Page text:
Stonestown Galleria, originally Stonestown Shopping Center, was built in 1952 by the Stoneson brothers. It was built in the Lakeside neighborhood, bordering Lake Merced, along with apartments that could house 3,000–3,500 people. The major tenant, the Emporium department store, opened on July 16, 1952. Other early businesses included Walgreens, Butler Brothers, Gallenkamp Shoes, the Red Chimney restaurant and Woolworth's. There were stores for local residents, including a grocery store[QFI],a bakery, and movie theaters.
The Stoneston brothers aged and the mall was sold to a pension fund. Stonestown went through a renovation and major redevelopment in 1987, spearheaded by architect John Field. Field's plan added one story of stores, including a food court, a glass ceiling and marble floors, plus 350 new underground parking spaces. These changes led to the Stonestown Shopping Center being renamed Stonestown Galleria. The Emporium anchor store was converted to Macy's in 1996 when Macy's bought The Emporium.
In December 2003, Heitman Financial, the manager, abandoned efforts to construct nearly 300 new residential units and a grocery store on a parcel next to the mall's 42-acre (170,000 m2) site. Neighborhood groups complained that the project would worsen traffic congestion in the area and create safety and environmental problems. In 2004, General Growth Properties bought the mall from Pacific Acquisition Corp. for $312 million. Today, Stonestown's 160 in-line shops are fully occupied and generate sales of about $460 per square foot.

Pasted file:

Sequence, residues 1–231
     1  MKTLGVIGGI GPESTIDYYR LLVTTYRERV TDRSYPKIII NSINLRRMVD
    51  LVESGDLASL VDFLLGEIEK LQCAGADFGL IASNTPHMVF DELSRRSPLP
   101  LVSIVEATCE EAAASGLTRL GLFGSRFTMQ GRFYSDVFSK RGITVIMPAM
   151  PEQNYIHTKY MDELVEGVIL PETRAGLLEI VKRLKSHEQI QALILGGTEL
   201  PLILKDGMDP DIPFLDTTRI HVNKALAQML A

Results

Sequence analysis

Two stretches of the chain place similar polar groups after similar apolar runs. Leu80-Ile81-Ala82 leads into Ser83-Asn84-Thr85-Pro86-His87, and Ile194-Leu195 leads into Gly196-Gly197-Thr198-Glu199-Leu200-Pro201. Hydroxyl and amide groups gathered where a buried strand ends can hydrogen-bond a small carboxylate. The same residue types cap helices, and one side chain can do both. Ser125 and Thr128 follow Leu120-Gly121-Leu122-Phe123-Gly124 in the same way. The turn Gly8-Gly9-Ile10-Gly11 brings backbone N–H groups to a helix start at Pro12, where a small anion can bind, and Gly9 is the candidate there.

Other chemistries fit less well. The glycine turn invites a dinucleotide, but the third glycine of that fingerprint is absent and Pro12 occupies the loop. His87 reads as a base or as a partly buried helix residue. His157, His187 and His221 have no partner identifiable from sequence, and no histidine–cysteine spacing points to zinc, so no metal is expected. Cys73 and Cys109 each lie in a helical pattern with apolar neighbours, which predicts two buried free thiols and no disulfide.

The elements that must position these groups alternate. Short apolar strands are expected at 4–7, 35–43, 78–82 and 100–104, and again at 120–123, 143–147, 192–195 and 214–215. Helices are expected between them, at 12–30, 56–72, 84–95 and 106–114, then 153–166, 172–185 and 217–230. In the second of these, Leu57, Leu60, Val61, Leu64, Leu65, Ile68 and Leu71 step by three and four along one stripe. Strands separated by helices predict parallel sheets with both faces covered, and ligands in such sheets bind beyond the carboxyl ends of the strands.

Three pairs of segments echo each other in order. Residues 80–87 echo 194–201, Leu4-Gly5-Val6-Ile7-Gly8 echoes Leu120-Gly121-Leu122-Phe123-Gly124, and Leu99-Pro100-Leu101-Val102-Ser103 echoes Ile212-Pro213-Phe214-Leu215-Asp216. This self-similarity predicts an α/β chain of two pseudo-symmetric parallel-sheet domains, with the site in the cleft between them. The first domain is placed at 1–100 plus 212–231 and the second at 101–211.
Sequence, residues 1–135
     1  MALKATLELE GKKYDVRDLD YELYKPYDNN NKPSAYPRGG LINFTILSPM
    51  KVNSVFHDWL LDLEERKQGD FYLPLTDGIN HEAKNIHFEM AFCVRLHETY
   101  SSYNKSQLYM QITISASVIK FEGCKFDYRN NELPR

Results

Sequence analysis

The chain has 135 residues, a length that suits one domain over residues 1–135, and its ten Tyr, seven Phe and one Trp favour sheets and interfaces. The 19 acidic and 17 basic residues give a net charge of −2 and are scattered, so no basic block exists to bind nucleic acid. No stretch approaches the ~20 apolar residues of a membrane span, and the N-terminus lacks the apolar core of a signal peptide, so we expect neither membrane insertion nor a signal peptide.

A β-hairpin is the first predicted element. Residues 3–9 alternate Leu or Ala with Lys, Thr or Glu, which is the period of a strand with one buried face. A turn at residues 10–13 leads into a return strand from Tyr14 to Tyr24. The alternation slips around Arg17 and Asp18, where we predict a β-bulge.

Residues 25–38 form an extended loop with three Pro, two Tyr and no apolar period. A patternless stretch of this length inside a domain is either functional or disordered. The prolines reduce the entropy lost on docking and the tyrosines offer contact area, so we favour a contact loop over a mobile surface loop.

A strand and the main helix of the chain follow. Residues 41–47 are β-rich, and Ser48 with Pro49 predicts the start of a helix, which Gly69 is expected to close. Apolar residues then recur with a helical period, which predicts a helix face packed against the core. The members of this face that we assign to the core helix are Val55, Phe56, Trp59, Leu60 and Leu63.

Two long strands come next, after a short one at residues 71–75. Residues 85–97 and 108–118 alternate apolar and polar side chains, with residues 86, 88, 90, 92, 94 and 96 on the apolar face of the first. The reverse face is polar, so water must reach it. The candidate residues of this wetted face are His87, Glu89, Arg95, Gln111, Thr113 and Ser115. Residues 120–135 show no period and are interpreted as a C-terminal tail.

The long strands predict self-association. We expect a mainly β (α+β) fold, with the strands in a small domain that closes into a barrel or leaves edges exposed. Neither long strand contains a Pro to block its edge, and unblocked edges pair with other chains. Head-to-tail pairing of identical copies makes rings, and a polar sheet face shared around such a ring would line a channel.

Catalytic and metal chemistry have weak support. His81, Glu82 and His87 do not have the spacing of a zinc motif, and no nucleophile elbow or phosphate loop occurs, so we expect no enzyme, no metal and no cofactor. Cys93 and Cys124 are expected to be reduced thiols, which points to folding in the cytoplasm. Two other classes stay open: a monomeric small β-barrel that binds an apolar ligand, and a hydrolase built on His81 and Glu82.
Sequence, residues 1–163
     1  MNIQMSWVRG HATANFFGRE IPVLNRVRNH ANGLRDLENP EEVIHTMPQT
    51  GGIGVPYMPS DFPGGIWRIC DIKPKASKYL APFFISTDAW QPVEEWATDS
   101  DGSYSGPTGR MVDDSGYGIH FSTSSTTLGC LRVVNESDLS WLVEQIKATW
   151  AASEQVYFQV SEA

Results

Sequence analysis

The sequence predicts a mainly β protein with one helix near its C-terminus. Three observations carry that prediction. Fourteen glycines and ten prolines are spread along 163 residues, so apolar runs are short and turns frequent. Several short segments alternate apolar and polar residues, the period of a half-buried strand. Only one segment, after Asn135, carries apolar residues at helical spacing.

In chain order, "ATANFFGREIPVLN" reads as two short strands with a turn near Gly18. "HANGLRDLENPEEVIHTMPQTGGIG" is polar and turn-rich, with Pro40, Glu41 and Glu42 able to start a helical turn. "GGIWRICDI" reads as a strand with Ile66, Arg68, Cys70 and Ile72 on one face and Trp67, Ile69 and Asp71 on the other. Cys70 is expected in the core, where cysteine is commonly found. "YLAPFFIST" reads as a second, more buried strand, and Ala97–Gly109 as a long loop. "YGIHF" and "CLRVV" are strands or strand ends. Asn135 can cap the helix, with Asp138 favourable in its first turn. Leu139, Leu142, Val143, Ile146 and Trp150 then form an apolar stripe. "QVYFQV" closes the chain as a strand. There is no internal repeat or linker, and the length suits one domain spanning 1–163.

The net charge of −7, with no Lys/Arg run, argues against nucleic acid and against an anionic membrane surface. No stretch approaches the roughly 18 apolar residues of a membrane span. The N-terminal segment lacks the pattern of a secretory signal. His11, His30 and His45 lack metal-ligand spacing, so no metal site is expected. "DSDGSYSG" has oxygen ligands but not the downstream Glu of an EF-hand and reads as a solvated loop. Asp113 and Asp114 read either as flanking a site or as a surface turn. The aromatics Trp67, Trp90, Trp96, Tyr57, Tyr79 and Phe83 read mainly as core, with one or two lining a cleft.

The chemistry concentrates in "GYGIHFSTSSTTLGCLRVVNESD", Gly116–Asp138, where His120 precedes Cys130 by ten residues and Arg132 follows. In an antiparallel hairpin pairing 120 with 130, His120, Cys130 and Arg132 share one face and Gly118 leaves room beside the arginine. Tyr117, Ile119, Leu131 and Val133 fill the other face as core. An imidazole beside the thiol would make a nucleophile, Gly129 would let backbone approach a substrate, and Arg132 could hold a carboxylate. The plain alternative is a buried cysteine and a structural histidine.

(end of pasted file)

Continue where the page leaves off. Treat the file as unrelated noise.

Stonestown has two stories and 160 stores. The anchors are two stories, but most in-line stores are one story. The hallways form a plus shape, with Macy's on the west side, and Nordstrom, Trader Joe's and Sports Authority on the east side. There are four wings, two on level one and two on level two. A food court is on the second story. There are some skylights in the mall. Marble columns adorn the center court. As mentioned earlier, a demolition/rebuilding project in the late 1980s added many of the architectural features seen today.